It is always good to read about progress that Google makes in the fight against spam so I was pleased to read a recent post from Matt Cutts announcing that Google is evaluating multiple changes to its search ranking algorithm to combat spam and, specifically one particular change, to combat the problem of publishers having their original content copied and then finding that the websites containing the duplicate versions of their content appear higher in the search results pages than their own websites.
Having read the post and then through all of the comments which broadly welcomed the impending developments, it occurred to me that a good way to illustrate the problem, or conversely the degree to which it has thus far been remedied, would be to test the search rankings of some of the content of the very blog post I was reading.
So I copied the entire second sentence of the third paragraph of Matt’s post, wrapped it in quotes, and pasted it into Google’s search box (google.co.uk).
The result is shown in the screenshot below. If there was ever a way to illustrate the problem of original content being subordinated in the search results to copies of it, this must be it. Matt’s blog post ranks in 6th position for its own content. You can see a larger version of it by clicking on the image.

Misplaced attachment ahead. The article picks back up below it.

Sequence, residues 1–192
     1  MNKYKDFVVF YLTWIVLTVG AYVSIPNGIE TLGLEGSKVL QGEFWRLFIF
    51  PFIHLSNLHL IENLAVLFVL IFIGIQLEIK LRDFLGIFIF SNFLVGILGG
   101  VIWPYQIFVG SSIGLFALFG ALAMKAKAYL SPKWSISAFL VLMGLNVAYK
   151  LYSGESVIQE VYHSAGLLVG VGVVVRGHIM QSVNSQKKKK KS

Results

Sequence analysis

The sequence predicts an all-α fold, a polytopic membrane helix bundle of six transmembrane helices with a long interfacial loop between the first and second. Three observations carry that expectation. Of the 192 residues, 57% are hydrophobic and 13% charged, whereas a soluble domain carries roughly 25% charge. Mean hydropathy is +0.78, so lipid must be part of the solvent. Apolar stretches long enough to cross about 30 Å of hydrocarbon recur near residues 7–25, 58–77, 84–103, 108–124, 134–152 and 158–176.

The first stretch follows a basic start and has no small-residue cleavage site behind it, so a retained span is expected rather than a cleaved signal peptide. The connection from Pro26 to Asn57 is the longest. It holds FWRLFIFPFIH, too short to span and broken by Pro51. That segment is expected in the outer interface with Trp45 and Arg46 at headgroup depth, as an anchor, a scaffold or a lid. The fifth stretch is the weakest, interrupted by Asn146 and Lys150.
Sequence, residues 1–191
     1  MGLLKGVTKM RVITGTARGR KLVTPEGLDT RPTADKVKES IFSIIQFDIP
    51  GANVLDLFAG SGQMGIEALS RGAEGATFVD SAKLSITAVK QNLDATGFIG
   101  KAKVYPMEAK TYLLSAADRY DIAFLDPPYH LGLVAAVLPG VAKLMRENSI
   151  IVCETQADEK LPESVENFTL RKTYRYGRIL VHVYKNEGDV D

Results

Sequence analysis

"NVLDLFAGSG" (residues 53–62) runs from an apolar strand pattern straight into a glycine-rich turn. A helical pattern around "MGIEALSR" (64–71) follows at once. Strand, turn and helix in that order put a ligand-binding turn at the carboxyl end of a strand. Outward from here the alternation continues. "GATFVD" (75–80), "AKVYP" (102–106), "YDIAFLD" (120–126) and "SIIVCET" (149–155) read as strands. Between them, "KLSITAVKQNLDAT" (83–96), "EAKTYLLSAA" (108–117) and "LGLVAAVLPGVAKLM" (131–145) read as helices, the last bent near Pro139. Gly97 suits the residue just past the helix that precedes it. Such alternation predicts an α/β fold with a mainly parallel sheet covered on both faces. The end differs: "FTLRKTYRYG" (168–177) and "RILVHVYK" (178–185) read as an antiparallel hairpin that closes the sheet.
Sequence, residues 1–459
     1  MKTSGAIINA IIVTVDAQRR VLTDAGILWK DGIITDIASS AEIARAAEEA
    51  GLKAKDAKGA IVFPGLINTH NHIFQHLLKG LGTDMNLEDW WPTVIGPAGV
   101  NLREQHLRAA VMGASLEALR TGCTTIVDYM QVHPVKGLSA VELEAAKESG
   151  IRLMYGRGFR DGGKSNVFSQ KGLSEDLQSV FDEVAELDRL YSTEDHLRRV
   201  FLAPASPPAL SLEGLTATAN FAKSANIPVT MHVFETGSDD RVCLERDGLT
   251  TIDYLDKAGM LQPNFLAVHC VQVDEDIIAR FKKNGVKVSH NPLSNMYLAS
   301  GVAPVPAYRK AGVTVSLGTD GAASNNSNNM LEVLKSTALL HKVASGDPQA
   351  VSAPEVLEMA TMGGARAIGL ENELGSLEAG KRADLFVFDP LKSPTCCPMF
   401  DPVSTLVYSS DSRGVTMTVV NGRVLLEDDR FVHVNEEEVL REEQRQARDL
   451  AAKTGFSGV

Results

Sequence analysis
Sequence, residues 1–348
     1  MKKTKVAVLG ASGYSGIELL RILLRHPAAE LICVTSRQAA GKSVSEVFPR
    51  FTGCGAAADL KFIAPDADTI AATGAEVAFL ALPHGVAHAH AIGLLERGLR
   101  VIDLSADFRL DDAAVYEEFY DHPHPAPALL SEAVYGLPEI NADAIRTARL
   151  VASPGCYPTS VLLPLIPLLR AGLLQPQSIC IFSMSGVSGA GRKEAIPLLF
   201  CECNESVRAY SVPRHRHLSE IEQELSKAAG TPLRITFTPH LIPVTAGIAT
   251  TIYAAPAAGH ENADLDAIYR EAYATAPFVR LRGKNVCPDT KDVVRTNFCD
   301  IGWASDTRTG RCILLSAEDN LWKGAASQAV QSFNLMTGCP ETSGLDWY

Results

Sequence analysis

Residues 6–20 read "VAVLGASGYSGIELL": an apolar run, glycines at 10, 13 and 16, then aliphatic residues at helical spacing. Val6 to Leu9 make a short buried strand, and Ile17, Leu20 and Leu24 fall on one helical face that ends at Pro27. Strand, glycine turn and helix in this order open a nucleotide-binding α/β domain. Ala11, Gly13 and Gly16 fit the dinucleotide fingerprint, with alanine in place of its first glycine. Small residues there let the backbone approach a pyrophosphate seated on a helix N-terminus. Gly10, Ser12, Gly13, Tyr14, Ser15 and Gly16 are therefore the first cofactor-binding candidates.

This also reminded me of the ongoing debate about search neutrality and whether Google favours its own sites in their search results pages. Clearly not always (or at least not those of their employees)!
Anyway, we welcome the changes and look forward to seeing the publishers of original content get a further helping hand!
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